East Kent: City of Culture by Alastair Upton
When I think of a city it has houses, schools, people, churches and then some grander buildings like a cathedral, some museums, galleries and theatres along with public parks. But if I imagine a city, and really let my imagination run wild, it would have all those things but also great big open spaces like fields between buildings and round the edge it would have a coast with beaches and harbours with fishing boats.
East Kent has put in a bid to be just such a city that could win the prize to be UK City of Culture in 2017. Now, if you think about it, it takes less time to drive across our region than it does to cross London; East Kent has a population of 600,000 which is more than Liverpool; and in Canterbury there is a cathedral which used to be the true mark of a city. Equally importantly East Kent is within the rules of the competition to call itself a city.
This is what makes the bid great. On the face of it East Kent as a city is nuts but once your imagination runs away with you our city, this city of imagination, has much more to offer than any other city in the UK could ever have. It is exciting not to be tied down by the limitations of traditional city limits, which means that the East Kent bid, which starts as the competition long shot, the rank outsider, has the ammunition to win because our city can be so much more than anyone else’s.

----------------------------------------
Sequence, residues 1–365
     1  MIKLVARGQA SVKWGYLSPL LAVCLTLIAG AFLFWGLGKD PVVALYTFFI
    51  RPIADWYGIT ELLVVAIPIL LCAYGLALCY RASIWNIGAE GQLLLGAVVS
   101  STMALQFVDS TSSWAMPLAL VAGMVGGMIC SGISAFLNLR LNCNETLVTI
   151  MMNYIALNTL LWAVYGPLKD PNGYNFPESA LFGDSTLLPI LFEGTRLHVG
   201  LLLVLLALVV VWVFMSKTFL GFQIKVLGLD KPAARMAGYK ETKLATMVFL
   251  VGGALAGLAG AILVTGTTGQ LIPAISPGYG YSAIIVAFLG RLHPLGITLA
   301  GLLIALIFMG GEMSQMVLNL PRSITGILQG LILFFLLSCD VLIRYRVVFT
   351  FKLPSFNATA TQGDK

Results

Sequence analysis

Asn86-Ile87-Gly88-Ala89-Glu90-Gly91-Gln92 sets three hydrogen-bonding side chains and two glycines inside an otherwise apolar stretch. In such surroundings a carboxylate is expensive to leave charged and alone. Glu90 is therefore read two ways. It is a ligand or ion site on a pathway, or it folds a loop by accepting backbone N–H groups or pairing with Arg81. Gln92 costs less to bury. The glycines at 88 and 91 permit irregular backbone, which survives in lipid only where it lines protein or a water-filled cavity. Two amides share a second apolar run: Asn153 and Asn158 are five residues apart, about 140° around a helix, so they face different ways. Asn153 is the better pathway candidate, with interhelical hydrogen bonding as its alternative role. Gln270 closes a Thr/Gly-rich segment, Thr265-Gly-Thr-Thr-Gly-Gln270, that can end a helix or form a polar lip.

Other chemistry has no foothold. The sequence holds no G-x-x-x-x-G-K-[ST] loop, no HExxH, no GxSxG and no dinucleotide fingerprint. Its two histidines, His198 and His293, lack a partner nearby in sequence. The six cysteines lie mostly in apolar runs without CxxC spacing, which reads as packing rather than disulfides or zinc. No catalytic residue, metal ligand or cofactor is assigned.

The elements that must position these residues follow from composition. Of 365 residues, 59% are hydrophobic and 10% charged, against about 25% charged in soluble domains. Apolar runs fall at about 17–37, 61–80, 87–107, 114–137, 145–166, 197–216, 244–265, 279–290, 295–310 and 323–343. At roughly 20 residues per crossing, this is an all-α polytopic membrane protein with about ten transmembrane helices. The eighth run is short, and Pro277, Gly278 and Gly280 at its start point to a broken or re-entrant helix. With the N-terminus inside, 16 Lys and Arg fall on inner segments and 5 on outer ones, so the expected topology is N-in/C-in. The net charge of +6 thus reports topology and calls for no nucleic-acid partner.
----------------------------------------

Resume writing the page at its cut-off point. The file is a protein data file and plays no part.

We also have the track record. Across East Kent, from Margate with the Turner to Folkestone with its Triennial to Canterbury with the Marlowe culture has been used to drive change, improve the urban environment, unite people and improve the economy.
These last few weeks I have been in meetings trying to shape this bid and instead of the normally dreary, bleary affairs of agendas and minutes they have been remarkable occasions as the County Council, all the District Councils and the region’s arts and cultural organisations have been working together to see what ideas can work. It’s important too, that while the cultural opportunities have expanded greatly over the last ten years in the region we must have plans for the next ten if we want this to continue. The prize is worth fighting for as with it comes the opportunity to tell the country about our corner of Britain and in doing so attract significant financial investment to East Kent.
And just as importantly, having lived in Liverpool when it was European Capital of Culture, I can tell you these things are great fun. People come together to make art and to enjoy it; to create and celebrate our culture.
I’m backing the bid and I hope you will.
Chief Executive of the Creative Foundation